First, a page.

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The FTC wants to know whether you think "facial age estimation" technology is a good idea

To protect children's privacy online

Image credit: Rock Paper Shotgun / Daedalic Entertainment

The Entertainment Software Rating Board (ESRB) have proposed a new method for guaranteeing parental consent to help protect children's privacy online. The method involves "Privacy-Protective Facial Age Estimation" technology, which would scan an adult's face to confirm their age before they're able to consent on behalf a child.

Under Children’s Online Privacy Protection Act Rule (COPPA), online sites and services, such as games, must have consent from a parent before they can collect or use personal information from a child. Microsoft need your permission before your kid can set up a Minecraft account, for example.

To guarantee an actual adult has provided that consent, the ESRB have partnered with Yoti, a "digital identity company", and SuperAwesome, who develop technology to help other companies comply with parental verification requirements. SuperAwesome are owned by Epic Games.

Together they have created a technology which "analyzes the geometry of a user’s face to confirm that they are an adult", according to the FTC. If the adult is deemed to be under the threshold of 25 years old, they would be unable to consent on behalf of the child.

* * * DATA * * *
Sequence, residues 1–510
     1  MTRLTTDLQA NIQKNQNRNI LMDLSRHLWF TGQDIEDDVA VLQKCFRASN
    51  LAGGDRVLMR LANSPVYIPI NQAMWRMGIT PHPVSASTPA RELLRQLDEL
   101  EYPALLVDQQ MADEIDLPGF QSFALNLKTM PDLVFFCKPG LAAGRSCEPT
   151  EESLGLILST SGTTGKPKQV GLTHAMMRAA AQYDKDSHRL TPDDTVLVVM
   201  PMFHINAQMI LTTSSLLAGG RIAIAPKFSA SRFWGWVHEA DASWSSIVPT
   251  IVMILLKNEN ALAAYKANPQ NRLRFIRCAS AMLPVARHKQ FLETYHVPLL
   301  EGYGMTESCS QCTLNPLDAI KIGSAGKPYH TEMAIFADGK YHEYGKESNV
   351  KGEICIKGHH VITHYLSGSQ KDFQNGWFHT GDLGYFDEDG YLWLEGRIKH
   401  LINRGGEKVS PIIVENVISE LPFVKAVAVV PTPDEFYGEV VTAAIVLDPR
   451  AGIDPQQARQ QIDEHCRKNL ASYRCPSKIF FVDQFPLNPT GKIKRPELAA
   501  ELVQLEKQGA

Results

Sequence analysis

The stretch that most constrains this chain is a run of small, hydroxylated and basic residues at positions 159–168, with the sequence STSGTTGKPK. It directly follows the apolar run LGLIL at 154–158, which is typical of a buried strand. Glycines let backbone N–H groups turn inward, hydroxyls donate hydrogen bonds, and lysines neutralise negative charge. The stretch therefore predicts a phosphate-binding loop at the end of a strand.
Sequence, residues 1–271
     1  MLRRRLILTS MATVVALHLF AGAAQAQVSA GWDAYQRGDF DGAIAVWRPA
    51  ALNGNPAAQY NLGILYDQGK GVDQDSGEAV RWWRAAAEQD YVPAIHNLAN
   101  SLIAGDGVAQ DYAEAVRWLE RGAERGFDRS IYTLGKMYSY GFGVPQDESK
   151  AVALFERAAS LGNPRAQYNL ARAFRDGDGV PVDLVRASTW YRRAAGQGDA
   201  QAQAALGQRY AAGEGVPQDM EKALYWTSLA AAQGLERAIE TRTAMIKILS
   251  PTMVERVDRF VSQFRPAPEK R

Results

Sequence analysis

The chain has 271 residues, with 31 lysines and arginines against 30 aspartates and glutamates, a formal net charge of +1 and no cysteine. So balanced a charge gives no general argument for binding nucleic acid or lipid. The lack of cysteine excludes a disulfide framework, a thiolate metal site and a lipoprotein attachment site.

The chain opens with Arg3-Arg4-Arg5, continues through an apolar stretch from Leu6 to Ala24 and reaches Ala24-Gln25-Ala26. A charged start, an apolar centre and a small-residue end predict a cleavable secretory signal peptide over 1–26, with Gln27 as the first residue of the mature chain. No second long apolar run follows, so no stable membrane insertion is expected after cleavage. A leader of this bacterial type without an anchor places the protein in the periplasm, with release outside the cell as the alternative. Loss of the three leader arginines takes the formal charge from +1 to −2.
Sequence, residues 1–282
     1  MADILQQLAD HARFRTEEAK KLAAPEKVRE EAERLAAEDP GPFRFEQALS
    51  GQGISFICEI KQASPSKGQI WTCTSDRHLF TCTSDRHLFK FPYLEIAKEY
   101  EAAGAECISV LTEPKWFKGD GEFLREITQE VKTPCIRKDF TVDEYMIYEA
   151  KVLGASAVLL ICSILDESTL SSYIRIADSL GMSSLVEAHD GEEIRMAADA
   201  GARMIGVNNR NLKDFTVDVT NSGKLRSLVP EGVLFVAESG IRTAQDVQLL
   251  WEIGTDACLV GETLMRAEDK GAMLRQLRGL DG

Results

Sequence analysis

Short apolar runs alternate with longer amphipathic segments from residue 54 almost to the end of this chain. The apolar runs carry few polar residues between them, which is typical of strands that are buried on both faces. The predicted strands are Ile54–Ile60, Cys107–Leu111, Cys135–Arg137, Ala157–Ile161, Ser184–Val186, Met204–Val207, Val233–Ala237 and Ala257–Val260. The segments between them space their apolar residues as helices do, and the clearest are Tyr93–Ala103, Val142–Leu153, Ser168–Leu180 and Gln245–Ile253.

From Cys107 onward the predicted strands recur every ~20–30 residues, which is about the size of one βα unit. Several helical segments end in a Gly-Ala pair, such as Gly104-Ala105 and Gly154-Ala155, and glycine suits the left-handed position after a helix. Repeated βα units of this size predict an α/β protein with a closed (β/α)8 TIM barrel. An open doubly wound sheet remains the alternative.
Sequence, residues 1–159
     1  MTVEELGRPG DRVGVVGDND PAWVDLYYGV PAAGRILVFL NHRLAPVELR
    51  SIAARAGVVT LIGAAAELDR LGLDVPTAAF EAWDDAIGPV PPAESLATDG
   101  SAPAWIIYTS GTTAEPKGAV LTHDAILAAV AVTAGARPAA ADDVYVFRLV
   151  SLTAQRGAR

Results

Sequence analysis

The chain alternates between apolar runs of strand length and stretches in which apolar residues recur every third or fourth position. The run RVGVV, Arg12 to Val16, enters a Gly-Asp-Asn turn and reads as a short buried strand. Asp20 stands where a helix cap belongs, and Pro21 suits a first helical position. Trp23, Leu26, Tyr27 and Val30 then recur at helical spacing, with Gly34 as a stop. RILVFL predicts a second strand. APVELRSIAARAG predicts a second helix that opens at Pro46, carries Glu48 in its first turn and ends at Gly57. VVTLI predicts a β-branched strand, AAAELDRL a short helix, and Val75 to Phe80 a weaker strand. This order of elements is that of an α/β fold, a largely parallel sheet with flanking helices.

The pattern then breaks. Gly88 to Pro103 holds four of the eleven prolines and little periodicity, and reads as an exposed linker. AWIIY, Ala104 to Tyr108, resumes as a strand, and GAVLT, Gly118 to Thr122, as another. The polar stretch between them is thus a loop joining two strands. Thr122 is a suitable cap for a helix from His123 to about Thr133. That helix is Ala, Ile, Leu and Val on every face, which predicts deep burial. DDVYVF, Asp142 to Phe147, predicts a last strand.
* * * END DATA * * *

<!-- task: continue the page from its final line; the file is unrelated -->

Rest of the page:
The FTC are seeking public comment on the proposal, including "whether the proposed age verification method is covered by existing methods; whether the proposed method meets the requirements under the COPPA Rule; and whether the proposed method poses a privacy risk to consumers’ personal information, including their biometric information." They also want to know if it poses "a risk of disproportionate error rates or other outcomes for particular demographic groups".

It's worth noting that even if the FTC approve "facial age estimation" as a method of obtaining parental consent, this does not mean that every service would need to implement it. It would only mean that the method was a valid way of obtaining parental consent under COPPA regulations. For services that do choose to implement it, other methods of consent would likely remain available, and the tech is already in use in some software in countries outside of the US where COPPA doesn't apply.

As someone who already manage's children's accounts across Microsoft and Google ecosystems, I am deeply skeptical that introducing a new, complicated potential point of failure into the process is a good idea. I'm also not wild about anything scanning my face, or the face of children, no matter what provisions or promises are made about how the image is stored, transferred, or deleted after the fact. You can read the full 38-page proposal (PDF) for more detail on how the system works.

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